Top Stories

February 06, 2020

Sustainable Investment/Corporate Reputation

BlackRock rebukes Siemens on its environmental record

BlackRock has rebuked Siemens over its role in a controversial Australian coal-mining project, in a rare intervention from an asset manager that has come under increasing fire for failing to hold companies to account on issues such as climate change. The world’s largest asset manager said on Thursday that one of Germany’s largest industrial companies had failed to fully consider the “breadth of risks” of an infrastructure deal at the A$2 billion Carmichael coal mine in Queensland. In December, Siemens signed an €18 million contract to provide rail signalling systems for Carmichael, which quickly became a lightning rod for environmental activists and sparked a global campaign to force the company to pull out of the agreement. The management of Siemens, which has frequently touted its green credentials, needed to step up their risk assessments around environmental, social and governance issues, BlackRock said in its first intervention since the $7 trillion asset manager issued a policy on sustainability last month. (Financial Times)*


Consumers keen to drop brands that damage the environment

A majority of consumers believe their choices can make a difference to environmental outcomes, and almost two-thirds are willing to abandon products and brands that are seen to damage the environment. That is the headline conclusion of a survey of over 15,000 people from 11 countries across Europe, Asia Pacific, and North America, who were asked for their opinions about their buying habits in relation to the environment during the second half of 2019. The findings, outlined in a report by financial services company ING this week, offer a detailed analysis of where consumers are already engaging in circular economy activities, and their appetite for new product and service models that curb environmental impacts and resource use, with a particular focus on the fashion, food, and electronics sectors. Although 61 percent said they would be less willing to buy a product from a company that performed environmentally poorly, they are still likely to engage with the linear “take, make and waste” production model unless companies make it easier to transition to a more circular lifestyle. (Business Green)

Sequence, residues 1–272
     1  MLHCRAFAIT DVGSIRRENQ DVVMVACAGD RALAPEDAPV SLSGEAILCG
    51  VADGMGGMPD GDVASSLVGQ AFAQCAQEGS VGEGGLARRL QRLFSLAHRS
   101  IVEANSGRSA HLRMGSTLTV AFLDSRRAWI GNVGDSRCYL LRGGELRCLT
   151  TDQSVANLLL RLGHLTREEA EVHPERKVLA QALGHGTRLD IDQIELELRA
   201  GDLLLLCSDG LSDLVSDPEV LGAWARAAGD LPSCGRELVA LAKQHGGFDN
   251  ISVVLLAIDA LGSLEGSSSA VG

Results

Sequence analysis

Finland to give dads same parental leave as mums

Finland’s new government has announced plans to give all parents the same parental leave, in a push to get fathers to spend more time with their children. Paid allowance will increase to a combined 14 months, which equates to 164 days per parent. Neighbouring Sweden has Europe’s most generous system of parental leave with 240 days each after a baby’s birth. Finland says it wants to “promote wellbeing and gender equality”. Health and social affairs minister Aino-Kaisa Pekonen told reporters that “a radical reform of family benefits” had begun, with the aim of strengthening the relationship of parents from the start. Under the current system in Finland, maternity leave is 4.2 months, while fathers are given 2.2 months until the child turns two. On top of that, another six months’ parental leave can be shared. However, on average only one in four fathers take what they are given. (BBC)

Sustainable Investment

UK taxpayers funding African fossil fuel projects worth $750m

UK taxpayer funds totalling $750 million (£577m) have been invested in new fossil fuel projects in developing African countries despite the government’s public commitment to tackling the climate crisis, according to an international watchdog. Global Witness found that a London-based investment group raised $1 billion from the UK government over 16 years and spent three-quarters of this supporting oil and gas projects in some of Africa’s poorest countries. The Private Infrastructure Development Group (PIDG), which relies on the UK taxpayer for two-thirds of its funding, committed $750 million to fossil fuel projects between 2002 and 2018, including recent investments in heavy fuel oil power plants in Senegal and Mali. Since then, the group’s investments have included $24 million for a gas plant in Togo and $31 million for a gas plant expansion project in Ivory Coast. The report is likely to reignite concerns that UK international aid designed to help support infrastructure in developing countries is instead increasing reliance of those states on oil and gas. (The Guardian)

Human Rights

U.N. sees ‘major progress’ on forced labour in Uzbek cotton harvest

Uzbekistan made “major progress” on stamping out forced labour in its cotton harvest last year, when 94 percent of pickers worked voluntarily, the United Nations has said. The Central Asian country, one of the world’s biggest cotton exporters, has for years been under international pressure to end the use of forced labour by adults and children. Last year about one in eight adults, or 1.75 million people, took part in the annual harvest, of whom 102,000 were victims of forced labour – down 40 percent on the previous year, the U.N. International Labour Organization (ILO) said in a report. Some human rights groups said government-imposed cotton quotas meant local officials known as hokims were still forcing people into the fields when they could not find enough willing workers. The Uzbek-German Forum for Human Rights said a ban on the recruitment of students, teachers and health workers had been observed in 2019, but other public servants had been hired instead. (Thomas Reuters Foundation)


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Image Source: Untitled by Trung Nguyen on Unsplash.